George Luther Stearns
|April 9, 1867 (aged 58)
New York City, New York
George Luther Stearns (January 8, 1809 – April 9, 1867) was an American industrialist and merchant in Medford, Massachusetts, as well as an abolitionist and a noted recruiter of black soldiers for the Union Army during the American Civil War.
George L. Stearns was born in Medford, Massachusetts, on January 8, 1809, the eldest son and second child of Luther and Mary (Hall) Stearns. His paternal immigrant ancestor, Isaac Sterne, arrived in Salem on June 12, 1630, from Suffolk, England. He had sailed to the new colony with John Winthrop, a future governor, and Sir Richard Saltonstall, among others. Isaac Sterne moved to Watertown, located along the Charles River, where he died in 1671. What became known as the American Stearns family (note spelling variation) grew, with branches moving northward and westward. For decades men typically worked as farmers, teachers, and clergymen.
Stearns' father, Luther Stearns, was born on February 17, 1770, the eldest of five children born to Captain Josiah Stearns, a soldier in the American Revolutionary War. He commanded a company of 50 men from Lunenburg, Massachusetts. Luther Stearns had entered Dartmouth College at age seventeen but transferred, graduating from Harvard in 1791. He worked as a tutor at Harvard and eventually studied medicine. He later became an obstetrician. He was honored in 1811 by an honorary degree from Harvard.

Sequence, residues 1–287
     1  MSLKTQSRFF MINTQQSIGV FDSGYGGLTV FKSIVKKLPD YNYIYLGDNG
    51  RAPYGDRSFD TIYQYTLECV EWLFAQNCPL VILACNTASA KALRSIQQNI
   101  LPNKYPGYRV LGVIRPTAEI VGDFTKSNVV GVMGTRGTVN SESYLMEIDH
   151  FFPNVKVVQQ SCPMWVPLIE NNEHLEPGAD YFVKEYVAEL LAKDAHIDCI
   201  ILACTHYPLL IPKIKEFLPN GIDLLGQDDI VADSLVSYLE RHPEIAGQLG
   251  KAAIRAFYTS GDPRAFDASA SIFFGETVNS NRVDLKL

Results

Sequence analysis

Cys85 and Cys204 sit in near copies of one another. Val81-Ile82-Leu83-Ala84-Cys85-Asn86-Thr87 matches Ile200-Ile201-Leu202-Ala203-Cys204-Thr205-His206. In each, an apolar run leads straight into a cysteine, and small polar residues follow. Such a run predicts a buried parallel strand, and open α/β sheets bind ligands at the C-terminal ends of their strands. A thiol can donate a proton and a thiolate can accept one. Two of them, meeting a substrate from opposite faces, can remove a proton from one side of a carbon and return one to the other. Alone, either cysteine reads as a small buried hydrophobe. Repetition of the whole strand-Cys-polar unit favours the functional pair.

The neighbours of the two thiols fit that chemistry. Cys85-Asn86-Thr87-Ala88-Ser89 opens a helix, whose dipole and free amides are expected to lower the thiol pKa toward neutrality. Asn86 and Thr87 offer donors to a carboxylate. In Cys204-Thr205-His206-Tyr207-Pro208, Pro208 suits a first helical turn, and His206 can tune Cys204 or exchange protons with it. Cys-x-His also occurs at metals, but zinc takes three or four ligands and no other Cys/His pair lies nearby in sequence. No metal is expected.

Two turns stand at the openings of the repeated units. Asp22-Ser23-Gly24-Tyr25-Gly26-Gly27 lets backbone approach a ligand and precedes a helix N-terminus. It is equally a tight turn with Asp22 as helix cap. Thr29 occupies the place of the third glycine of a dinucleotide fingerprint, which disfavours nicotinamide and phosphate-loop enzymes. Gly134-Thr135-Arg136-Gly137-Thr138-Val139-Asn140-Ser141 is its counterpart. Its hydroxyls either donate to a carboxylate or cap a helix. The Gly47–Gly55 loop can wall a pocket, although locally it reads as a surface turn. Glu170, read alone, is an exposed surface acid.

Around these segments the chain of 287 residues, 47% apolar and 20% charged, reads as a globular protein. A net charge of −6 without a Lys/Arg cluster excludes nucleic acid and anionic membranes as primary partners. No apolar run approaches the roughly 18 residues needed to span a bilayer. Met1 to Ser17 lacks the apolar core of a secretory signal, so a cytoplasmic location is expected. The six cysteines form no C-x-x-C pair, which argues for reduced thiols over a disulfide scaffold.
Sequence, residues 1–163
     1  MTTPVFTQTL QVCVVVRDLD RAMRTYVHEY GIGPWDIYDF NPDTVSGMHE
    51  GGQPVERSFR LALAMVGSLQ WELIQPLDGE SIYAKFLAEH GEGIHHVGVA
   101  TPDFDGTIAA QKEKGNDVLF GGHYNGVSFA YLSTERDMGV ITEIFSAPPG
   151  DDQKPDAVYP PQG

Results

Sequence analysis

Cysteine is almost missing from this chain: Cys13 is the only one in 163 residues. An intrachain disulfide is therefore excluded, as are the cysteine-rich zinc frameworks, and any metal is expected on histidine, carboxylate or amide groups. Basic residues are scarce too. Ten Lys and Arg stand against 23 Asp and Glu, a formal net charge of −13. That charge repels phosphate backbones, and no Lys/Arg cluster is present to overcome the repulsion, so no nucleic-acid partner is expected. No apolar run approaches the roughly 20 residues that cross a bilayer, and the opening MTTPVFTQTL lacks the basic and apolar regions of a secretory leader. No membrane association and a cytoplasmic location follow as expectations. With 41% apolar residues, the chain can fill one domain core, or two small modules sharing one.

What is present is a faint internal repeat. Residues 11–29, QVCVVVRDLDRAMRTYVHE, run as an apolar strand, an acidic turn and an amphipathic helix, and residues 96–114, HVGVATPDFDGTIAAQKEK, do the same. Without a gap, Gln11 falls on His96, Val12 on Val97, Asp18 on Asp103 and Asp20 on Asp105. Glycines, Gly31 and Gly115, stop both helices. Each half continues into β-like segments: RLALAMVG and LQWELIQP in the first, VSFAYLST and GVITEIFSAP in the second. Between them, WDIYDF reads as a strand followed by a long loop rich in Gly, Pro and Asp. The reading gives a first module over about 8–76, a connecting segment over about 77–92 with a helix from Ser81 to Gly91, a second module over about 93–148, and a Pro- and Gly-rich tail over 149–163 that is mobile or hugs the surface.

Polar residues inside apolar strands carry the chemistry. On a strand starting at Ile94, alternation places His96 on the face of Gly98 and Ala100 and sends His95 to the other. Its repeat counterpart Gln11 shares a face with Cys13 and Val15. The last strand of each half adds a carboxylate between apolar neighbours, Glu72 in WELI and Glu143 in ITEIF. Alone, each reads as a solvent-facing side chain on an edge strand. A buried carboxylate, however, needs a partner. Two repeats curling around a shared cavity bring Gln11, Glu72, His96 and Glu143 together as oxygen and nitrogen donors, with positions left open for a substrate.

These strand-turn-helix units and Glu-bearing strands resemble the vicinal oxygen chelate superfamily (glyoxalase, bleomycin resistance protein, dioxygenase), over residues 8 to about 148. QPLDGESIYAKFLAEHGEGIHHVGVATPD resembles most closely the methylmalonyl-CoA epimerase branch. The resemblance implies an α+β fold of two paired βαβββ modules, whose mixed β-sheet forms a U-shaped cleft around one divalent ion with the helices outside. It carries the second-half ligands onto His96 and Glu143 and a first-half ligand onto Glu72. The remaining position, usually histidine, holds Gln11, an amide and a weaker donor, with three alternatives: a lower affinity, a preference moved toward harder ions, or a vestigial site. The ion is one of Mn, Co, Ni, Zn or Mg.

After getting his practice started, Luther married Mary Hall of Brattleboro, Vermont, on December 29, 1799; she was 16 years old, not an uncommon marrying age for women. They settled in Medford, Massachusetts, to be closer to her relatives. They had three children together: Elizabeth Hall, George Luther, and Henry Laurens Stearns (named after the American Ambassador of that name, a distant relative). The senior Stearns later opened a private preparatory school for boys in Medford; many students came from the American South and the West Indies.
Stearns died of pneumonia on April 27, 1820, when son George was eleven years old. To earn money, young George sometimes tended the locks on the Middlesex Canal in town. At the age of 15, he entered the workforce to support his mother and sisters.
In early life, Stearns was engaged in the business of ship-chandlery. After a prosperous career, he began the manufacture of sheet and pipe-lead, doing business in Boston and residing in Medford.